Penny stocks are companies whose shares trade for under $1. Penny stocks are risky investments because, in most cases, they trade over-the-counter (OTC), which means the companies are too small and unprofitable to trade on a major exchange like the NASDAQ or NYSE.
To help investors find the best brokers for penny stocks trading, we compared the pricing and trading platforms of 11 brokers. Our top pick for 2021, TD Ameritrade, combines flat-rate pricing with excellent trading tools and research capabilities.
What are penny stocks?
According the US Securities and Exchange Commission (SEC), "The term 'penny stock' generally refers to a security issued by a very small company that trades at less than $5 per share." The most common penny stocks are companies that trade for pennies per share (less than $1).
Best Online Brokers for Trading Penny Stocks
Here are the best brokers for trading penny stocks, based on 29 variables.
- Fidelity - $0 per trade
- TD Ameritrade - $6.95 per OTCBB trade
- Charles Schwab - $0 per trade
- TradeStation - $0 per trade (up to 10,000 shares)
- Interactive Brokers - $.005 per share
$0 per trade - Open Account
Trade Commission-Free: No commissions to trade online U.S. stocks, ETFs, and options.1
Fidelity is a value-driven online broker offering $0 trades (including penny stocks), industry-leading research, excellent trading tools, an easy-to-use mobile app, and comprehensive retirement services. Serving over 32 million customers, Fidelity is a winner for everyday investors. Read full review
$6.95 per OTCBB trade - Open Account
Exclusive Offer: Get up to $375 and trade commission-free with TD Ameritrade.
Despite charging $6.95 for penny stock trades (regular stock trades are $0), TD Ameritrade offers the most comprehensive selection of trading tools through the thinkorswim trading platform. While not our top pick for trading penny stocks, TD Ameritrade finished first Overall in our 2021 Review. Read full review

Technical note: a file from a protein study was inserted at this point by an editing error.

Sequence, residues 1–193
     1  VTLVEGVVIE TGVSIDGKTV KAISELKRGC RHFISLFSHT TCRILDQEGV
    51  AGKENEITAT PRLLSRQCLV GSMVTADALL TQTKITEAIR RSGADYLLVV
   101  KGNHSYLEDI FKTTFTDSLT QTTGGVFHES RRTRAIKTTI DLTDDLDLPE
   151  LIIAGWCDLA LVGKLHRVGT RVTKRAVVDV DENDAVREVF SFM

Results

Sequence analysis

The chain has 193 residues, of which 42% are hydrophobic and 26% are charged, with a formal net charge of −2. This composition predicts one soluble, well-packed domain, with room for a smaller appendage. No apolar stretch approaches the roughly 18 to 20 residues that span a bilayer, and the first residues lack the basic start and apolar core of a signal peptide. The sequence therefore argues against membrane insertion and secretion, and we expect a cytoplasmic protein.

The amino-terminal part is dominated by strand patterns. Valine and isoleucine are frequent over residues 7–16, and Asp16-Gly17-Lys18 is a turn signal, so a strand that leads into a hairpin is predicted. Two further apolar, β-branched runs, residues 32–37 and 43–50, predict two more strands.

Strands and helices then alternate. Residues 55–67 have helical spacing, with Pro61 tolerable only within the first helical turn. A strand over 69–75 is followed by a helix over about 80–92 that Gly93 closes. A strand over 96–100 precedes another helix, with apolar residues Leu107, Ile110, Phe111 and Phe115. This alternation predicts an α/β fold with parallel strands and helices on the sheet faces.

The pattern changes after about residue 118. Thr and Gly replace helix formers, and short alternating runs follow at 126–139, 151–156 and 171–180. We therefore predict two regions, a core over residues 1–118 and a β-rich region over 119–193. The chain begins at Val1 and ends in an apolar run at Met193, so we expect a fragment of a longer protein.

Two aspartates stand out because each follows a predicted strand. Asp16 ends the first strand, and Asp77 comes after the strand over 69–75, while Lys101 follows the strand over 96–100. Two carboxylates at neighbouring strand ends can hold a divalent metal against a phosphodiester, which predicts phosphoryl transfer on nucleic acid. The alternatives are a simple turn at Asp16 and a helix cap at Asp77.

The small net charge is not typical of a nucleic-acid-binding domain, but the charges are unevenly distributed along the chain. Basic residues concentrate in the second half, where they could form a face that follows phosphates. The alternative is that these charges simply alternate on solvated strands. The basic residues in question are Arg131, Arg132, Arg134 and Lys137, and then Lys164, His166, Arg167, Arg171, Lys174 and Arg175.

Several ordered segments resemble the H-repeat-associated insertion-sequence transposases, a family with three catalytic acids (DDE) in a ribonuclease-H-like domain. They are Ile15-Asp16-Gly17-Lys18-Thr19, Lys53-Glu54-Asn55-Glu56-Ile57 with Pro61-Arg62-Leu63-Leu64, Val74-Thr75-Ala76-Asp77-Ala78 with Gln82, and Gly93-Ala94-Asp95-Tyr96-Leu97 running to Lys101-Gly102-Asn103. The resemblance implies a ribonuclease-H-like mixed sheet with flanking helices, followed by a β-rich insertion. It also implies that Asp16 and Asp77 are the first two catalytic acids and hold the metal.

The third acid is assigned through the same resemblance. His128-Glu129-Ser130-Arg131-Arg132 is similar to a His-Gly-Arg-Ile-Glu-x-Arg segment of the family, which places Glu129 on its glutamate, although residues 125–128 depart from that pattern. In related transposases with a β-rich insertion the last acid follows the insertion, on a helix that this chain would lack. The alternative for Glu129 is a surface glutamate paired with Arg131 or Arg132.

$0 per trade - Open Account
Current Offer: $0 online stock, ETF, and options commissions at Schwab.
Charging no additional fees for trading stocks under $1, Charles Schwab offers a balanced selection of stock research and trading tools through the Schwab StreetSmart Edge desktop platform. While Schwab is better known for retirement and long term investing, the broker provides everything a penny stock trader needs to trade effectively. Read full review
$0 per trade
When using TradeStation for trading OTCBB penny stocks, the cost under the TS Select and TS Go pricing plans is $0 per trade up to 10,000 shares ($0.001 per share thereafter). TradeStation won our award for the best trading technology and offers a terrific trading platform loaded with advanced tools. Read full review
$.005 per share - Open Account
Exclusive Offer: New clients that open an account today receive a special margin rate.
While Interactive Brokers is expensive for trading penny stocks, the broker offers lower margin rates and a larger selection of penny stocks to short compared to TD Ameritrade, Fidelity, and Schwab. Read full review
How much does it cost to trade penny stocks?
The cost of trading penny stocks depends on the online broker you use. If you use a broker that offers flat-fee trades instead of per-share rates, trading penny stocks is not expensive. We also recommend avoiding brokers that charge a monthly platform fee, data fees, or monthly minimums, as those costs quickly add up.
Example 1 (flat-fee): TD Ameritrade charges a flat-rate $6.95 per OTC trade, while Fidelity charges $0 (no charge). Thus, your cost to buy OTC shares is just $6.95 and $0, respectively.